In Appendix D of The TeXBook, p. 387, in a discussion about automatic column sizing, Knuth tantalizes us with this:

Some implementations of TeX display the output as you are running, so that you can choose column widths interactively until a suitable balance is obtained.

What are these other “implementations” of TeX? Are they moribund or do they still exist?

  • Predecessors of LyX perhaps? Commented Jun 18, 2015 at 3:30
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    This is more a question of history for me, especially because it's my understanding of TeX itself I want to refine for its own sake. The modern systems are mostly geared toward LaTeX rather than the fundamentals. Commented Jun 18, 2015 at 4:21
  • Systems which use Unix IPC (Inter Process Communication) are able to do something of this sort (e.g., TeXview.app on NeXTstep). I suspect that Dr. Knuth was talking about systems running on one of the large computer systems which he used at Sanford though.
    – WillAdams
    Commented Jun 18, 2015 at 13:22
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    @WillAdams -- the "large computer systems at stanford" were sail (a decsystem 10) and score (a decsystem 20). neither of them ever had an "interactive" mode. (knuth didn't feel the need, i think.) first implementation was on an early mac -- textures, as identified in the accepted answer. Commented Jun 18, 2015 at 13:40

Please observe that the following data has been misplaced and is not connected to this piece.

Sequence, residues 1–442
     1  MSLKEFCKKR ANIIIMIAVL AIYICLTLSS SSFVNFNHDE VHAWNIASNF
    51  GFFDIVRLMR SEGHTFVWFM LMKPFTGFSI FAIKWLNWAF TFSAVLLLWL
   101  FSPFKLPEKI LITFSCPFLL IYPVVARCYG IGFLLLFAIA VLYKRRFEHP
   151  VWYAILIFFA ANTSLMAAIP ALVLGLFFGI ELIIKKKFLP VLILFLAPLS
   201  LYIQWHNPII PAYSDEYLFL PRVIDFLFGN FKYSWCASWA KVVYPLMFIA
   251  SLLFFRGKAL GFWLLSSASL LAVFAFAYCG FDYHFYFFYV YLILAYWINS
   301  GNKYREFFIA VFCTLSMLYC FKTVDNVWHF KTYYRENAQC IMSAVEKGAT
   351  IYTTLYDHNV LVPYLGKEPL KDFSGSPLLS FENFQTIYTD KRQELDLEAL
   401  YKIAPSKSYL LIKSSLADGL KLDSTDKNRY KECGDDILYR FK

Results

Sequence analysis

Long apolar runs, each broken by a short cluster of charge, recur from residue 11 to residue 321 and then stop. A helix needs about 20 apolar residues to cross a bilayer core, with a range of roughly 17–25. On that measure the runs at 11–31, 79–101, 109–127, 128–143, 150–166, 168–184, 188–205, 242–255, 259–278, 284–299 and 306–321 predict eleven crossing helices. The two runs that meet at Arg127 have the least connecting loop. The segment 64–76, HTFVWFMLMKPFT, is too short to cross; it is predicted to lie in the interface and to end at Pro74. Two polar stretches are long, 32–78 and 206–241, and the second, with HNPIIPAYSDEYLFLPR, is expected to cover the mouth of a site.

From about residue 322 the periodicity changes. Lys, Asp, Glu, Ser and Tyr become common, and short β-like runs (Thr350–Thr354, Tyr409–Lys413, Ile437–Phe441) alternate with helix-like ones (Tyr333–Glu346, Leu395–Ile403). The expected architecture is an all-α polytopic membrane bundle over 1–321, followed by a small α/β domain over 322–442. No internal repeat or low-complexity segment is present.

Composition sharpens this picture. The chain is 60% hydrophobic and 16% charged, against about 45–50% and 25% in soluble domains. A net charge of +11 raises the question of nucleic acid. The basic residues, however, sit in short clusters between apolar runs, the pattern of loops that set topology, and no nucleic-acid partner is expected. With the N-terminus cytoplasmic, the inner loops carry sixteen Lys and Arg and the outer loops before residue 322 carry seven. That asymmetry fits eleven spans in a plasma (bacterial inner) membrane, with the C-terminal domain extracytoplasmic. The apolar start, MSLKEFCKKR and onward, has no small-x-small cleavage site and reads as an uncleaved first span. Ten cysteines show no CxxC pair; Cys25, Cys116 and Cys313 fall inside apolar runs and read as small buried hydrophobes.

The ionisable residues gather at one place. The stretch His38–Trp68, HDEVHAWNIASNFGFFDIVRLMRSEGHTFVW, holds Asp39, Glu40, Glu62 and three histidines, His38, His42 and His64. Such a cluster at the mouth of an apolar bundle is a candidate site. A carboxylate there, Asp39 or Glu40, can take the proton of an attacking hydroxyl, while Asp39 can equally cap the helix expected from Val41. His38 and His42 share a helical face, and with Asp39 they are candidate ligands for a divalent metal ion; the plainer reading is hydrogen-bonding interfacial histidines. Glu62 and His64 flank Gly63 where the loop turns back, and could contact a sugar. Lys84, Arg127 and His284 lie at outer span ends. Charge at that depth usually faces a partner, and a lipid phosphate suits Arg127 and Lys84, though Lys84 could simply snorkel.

1 Answer 1


Textures was such an implementation, on Mac OS, and it was created in the mid eighties. It had a “Flash Mode” feature which worked exactly as Knuth describes in the TeXbook. I suppose Knuth was referring to Textures among others. It has been extant until a couple of years ago. Since then, I've got no news about it…

What happened to Textures and Bluesky Research?

On Mac OS X, Claus Gerhardt's Flashmode allows this feature on TeXShop. (I've not tested it yet, but others do use it and it seems to work well.)


Edit As indicated in the previous link about Textures, there is a new site dedicated to it: http://www.blueskytex.com. It provides a (free) download link to a no longer developed beta version for Mac OS X. More news are promised for soon (2015 July 1).

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